Registration opens for Emaar's Burj Dubai

An artist's impression of the Burj Dubai.

Emaar Properties has announced that it has opened registration details for its most ambitious project to date - the Burj Dubai, the world's tallest tower.

The company also announced the appointment of Chicago-based Skidmore, Owings & Merrill as the architectural design consultants for the landmark development, which will set yet another record for Dubai.

Emaar released a new artist rendering of the project, which is located on the Sheikh Zayed Road. This 'city within a city' combines residential, commercial, hotel, entertainment, shopping and leisure outlets with open green spaces, water features, pedestrian boulevards, an old town and one of the world's largest shopping malls.

Future residents and hotel guests will have incredible views of the Arabian Gulf and the city of Dubai. Construction on the infrastructure will commence towards the end of this year.

Commenting on the mega project, Mohamed Ali Alabbar, chairman of Emaar Properties, said: "With the Burj Dubai we are creating a new architectural benchmark for global property developers and contribute towards the growth of Dubai as a leading tourst destination."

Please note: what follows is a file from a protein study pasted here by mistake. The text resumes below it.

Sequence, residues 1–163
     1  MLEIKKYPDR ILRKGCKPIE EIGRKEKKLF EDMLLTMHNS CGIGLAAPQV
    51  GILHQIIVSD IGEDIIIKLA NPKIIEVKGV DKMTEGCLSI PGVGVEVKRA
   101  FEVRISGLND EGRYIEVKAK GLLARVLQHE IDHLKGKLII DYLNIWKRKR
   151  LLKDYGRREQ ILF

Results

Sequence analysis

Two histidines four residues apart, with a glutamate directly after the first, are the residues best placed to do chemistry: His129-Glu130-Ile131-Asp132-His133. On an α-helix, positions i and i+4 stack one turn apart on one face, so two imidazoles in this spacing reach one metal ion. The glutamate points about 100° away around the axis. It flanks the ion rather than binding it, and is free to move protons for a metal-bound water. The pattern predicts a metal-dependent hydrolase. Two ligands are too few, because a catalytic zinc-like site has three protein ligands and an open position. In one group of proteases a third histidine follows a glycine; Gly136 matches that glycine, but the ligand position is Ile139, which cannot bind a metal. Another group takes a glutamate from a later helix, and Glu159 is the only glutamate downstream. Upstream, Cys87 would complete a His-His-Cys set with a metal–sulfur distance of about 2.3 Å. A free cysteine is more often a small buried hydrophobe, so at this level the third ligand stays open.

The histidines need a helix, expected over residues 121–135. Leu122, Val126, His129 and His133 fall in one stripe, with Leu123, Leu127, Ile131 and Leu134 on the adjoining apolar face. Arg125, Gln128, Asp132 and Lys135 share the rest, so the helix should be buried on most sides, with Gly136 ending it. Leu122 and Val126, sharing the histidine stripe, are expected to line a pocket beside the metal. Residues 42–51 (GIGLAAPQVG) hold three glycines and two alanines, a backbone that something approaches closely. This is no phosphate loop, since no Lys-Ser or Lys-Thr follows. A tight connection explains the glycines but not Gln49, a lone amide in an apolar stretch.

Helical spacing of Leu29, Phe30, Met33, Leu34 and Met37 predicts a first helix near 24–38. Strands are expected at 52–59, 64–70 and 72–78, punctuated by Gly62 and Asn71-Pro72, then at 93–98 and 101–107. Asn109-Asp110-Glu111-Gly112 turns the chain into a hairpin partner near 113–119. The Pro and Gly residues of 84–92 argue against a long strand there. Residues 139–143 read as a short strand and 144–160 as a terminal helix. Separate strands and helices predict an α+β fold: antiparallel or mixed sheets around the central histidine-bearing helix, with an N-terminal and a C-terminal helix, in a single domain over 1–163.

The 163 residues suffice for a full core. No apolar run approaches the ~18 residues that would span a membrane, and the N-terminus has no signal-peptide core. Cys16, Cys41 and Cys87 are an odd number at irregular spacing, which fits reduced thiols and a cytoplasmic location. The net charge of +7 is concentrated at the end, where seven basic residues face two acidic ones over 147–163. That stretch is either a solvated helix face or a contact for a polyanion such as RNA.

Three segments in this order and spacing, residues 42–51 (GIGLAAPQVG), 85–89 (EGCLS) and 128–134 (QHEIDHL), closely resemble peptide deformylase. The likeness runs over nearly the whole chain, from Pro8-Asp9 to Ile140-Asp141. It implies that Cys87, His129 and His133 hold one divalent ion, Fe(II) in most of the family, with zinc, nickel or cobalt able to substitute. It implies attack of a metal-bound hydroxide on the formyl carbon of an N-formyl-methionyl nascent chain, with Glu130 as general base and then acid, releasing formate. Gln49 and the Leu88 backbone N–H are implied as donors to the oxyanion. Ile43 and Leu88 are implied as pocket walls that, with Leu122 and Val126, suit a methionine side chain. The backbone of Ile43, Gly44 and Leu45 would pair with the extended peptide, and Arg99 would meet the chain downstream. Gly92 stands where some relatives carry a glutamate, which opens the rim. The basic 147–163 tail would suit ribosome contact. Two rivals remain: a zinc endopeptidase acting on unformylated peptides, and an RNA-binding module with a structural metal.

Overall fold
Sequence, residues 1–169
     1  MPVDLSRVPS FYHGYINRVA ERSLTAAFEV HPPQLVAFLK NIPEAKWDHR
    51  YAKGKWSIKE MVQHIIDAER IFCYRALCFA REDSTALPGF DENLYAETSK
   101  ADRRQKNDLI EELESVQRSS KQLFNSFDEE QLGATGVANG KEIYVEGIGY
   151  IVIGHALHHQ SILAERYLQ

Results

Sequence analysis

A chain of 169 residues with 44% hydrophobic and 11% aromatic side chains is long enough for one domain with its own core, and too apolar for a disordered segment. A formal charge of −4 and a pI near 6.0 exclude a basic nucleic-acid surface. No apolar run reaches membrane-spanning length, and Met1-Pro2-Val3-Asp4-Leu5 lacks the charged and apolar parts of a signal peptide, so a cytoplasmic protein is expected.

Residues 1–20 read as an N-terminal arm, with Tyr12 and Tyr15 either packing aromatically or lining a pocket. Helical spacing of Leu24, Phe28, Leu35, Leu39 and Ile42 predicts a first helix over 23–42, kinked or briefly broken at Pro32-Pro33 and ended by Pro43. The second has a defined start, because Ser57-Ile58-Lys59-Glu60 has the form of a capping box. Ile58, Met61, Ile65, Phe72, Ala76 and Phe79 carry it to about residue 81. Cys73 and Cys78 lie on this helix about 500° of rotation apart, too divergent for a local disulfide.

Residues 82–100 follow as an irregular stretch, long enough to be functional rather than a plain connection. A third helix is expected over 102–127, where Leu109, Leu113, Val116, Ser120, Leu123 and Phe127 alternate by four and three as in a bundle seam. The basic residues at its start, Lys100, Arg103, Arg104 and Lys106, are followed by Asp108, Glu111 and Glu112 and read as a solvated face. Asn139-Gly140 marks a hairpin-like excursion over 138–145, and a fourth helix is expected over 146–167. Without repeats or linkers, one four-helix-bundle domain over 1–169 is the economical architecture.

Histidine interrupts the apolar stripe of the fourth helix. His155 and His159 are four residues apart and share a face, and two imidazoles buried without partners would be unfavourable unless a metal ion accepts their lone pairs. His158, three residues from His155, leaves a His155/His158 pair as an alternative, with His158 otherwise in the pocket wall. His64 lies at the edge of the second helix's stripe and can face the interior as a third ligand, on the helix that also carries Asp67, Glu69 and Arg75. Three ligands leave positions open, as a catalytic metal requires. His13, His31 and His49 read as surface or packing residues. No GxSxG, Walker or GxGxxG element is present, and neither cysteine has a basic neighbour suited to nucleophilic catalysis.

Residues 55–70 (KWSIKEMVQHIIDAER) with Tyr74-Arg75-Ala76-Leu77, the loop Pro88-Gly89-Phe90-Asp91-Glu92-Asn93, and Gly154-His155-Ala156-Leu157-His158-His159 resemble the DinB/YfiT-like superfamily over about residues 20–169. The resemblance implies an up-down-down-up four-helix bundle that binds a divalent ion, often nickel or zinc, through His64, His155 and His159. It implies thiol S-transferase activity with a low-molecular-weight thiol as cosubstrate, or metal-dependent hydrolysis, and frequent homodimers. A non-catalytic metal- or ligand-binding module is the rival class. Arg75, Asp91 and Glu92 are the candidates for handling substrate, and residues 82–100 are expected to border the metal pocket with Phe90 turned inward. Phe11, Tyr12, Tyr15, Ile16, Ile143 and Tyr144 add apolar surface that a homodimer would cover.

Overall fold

Skidmore, Owings & Merrill derived their inspiration for the design of the tallest tower in the world from the cultural and historical influences of the Gulf region. The tower's base and geometry reflect the six-petal desert flower of the region. The base of the Burj Dubai 'blossoms' and allows the tower a graceful transition from the ground.

The three-leaf design maximizes views and the dome-shaped plan profile is used to accentuate a series of steps up the vertical height of the building. These petals peal away as the building mass gets taller and creates a cascade of domes on all three sides.

Petronas Towers in Malaysia (452 metres) and the Chicago's Sears Tower (442 metres) are currently the world's tallest man-made towers. Recently China announced plans to build the Shanghai World Financial Centre to stand some 492 metres and due to be completed by 2007.